Fear. It’s one of the main reasons why so many people stay married long after their marriages fall apart. And one of the biggest fears is that divorce will harm the kids. The problem is, staying in a bad marriage can have an equally – if not more severe – negative impact on your children. My divorce mediator once said, “Children are like the doormen of your building – they hear and see everything.” How true.
No matter what you think you’re hiding from them, children can feel the tension, contempt, and distance between you and your spouse. Divorce is often the best thing for children, especially if you and your ex are able to put your children’s needs first.
The primary reason I stayed married for 23 years was the fear that my kids would be negatively affected by divorce. A close friend who happened to be a divorce lawyer advised me to wait until my youngest graduated from high school. She said whatever problems we had in our marriage would be exacerbated by divorce. She had seen the worst of the worst custody cases, and she didn’t want my kids to suffer.
I understand. For some people, that would be good advice. In my case, it wasn’t. I had lost myself in my marriage. I began leaving the house almost every night of the week just to survive.
Israeli dance on Monday, PTA on Tuesday, volunteering for my synagogue on Wednesday, some other committee on Thursday. It was ridiculous. I was running away from home to save myself.
I finally had the courage to leave.
Divorce was challenging (most are), but with time, my kids are doing better than I ever imagined.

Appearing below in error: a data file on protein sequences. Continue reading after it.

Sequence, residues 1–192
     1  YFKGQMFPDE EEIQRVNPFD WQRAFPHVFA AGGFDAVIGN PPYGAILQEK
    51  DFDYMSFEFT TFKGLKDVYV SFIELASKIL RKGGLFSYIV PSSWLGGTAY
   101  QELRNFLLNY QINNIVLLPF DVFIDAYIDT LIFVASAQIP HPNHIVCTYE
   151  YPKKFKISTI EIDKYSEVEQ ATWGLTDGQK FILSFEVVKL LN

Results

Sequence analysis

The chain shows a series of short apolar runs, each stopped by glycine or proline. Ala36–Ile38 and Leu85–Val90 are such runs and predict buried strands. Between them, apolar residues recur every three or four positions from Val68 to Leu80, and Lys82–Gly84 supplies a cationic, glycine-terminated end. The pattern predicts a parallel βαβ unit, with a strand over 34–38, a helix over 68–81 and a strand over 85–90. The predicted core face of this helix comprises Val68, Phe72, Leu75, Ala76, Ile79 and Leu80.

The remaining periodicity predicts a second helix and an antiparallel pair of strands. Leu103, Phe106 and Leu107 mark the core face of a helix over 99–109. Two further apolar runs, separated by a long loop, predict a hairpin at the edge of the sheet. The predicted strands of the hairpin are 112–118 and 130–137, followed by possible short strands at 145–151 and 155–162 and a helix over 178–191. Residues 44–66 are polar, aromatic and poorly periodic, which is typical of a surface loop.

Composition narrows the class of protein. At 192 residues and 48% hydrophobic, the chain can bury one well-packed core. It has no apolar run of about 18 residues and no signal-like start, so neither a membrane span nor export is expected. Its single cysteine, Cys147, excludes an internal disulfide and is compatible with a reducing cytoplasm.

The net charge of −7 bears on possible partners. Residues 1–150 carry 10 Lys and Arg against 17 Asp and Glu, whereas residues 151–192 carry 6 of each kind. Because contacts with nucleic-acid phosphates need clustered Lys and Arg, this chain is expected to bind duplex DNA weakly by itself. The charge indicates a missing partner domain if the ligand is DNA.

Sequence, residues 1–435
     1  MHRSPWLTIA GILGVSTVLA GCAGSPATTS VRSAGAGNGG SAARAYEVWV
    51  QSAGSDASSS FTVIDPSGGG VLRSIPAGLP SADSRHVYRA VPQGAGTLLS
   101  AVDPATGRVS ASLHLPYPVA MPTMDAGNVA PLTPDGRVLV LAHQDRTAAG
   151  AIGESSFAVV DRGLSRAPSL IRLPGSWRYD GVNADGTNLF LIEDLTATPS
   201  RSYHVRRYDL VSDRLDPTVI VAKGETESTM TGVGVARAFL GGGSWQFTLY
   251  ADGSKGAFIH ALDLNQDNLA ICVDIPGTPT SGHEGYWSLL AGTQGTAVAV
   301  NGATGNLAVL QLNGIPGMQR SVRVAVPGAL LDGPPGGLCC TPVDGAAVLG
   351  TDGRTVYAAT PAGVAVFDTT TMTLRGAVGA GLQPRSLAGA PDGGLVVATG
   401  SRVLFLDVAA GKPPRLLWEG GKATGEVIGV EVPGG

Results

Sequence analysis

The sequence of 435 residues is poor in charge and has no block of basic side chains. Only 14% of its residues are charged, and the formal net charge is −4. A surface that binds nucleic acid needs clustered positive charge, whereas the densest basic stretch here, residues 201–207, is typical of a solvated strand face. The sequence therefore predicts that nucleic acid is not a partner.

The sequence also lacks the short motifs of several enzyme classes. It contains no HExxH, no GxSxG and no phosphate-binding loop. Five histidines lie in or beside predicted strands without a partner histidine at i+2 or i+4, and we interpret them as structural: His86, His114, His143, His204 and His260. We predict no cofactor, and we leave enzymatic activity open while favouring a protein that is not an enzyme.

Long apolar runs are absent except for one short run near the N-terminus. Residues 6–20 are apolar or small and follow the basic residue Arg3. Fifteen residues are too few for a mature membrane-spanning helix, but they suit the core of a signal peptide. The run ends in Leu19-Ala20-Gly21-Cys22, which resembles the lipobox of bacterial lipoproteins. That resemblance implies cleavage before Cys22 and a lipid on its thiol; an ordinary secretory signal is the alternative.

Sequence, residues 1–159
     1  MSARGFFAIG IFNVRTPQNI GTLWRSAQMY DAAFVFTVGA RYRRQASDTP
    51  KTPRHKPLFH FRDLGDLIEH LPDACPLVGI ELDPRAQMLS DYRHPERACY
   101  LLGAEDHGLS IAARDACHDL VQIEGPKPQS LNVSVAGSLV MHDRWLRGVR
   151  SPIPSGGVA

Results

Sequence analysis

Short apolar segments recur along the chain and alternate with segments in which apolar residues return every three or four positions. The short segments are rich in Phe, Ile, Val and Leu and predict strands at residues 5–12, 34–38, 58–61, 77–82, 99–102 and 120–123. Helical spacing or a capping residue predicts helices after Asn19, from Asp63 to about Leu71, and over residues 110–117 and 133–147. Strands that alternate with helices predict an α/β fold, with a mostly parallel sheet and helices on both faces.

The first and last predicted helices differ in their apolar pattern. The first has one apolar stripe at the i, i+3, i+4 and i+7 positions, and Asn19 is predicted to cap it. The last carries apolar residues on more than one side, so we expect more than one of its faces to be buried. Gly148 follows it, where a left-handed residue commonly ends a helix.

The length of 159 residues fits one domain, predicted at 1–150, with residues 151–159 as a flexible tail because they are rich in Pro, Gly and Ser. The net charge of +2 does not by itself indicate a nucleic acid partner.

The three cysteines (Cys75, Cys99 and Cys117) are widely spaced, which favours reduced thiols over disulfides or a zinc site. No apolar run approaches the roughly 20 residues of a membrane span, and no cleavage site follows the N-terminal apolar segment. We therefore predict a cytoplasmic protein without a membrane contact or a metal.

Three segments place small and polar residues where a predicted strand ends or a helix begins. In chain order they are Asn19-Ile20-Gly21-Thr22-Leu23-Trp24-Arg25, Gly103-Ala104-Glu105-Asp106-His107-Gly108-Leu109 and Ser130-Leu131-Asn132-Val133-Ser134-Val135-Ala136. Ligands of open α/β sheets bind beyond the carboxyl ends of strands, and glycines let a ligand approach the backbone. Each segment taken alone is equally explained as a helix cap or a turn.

Teaching Children of Divorce to Make Healthy Relationship Choices
My relationship with my kids has never been better. We respect each other so much more than when we were a two parent family. I’ve put a lot of hard work into supporting them emotionally. I didn’t date for the first two years. I wanted to make sure they were emotionally stable before jumping into a new relationship.
When I was finally ready to date, I made a promise to my kids. I would never introduce them to anyone unless it was serious.
I’ve kept to that promise, and they’re grateful that they haven’t had to witness a revolving door of dates coming through my life and theirs. The most important thing for me is that my kids have the relationship skills to do better than I did. I am grateful that so far, they have made excellent choices in romantic partners. My oldest daughter just celebrated her fourth wedding anniversary. She and her husband have excellent communication skills, and they’re able to work out differences with ease. They are very much in love and are terrific parents to my gorgeous 13-month old granddaughter. I’m very proud of them.
My youngest daughter is in a fantastic relationship. Her boyfriend adores her and treats her with respect. He inspires her to be her best, and I’ve never seen her work so hard in school. When she contracted pneumonia at the end of December and had to leave school a week early, he packed up her stuff and came to visit. I sensed the sweet concern and care he has for her, and that makes me so happy.
My son isn’t in a relationship right now, but when he does find the right woman, she will be a lucky girl. He is sensitive, kind, and has a very generous heart and soul. He is willing to talk out differences, and he truly cares about his friends’ well being. I’m not worried about his future at all.
How do you teach children of divorce the relationship skills to help them make better choices?
Be a model for healthy relationships—not just romantically, but with everyone in your life. Keep the conversation open and ongoing so they feel safe to voice their questions and concerns about relationships. Please check out the tips I share in this video and I’d appreciate any comments. I’d love to hear what you think about how we can teach our children the relationship skills they need to have healthier relationships and make better choices in a romantic partner.
Note: This article first appeared on Last First Date.
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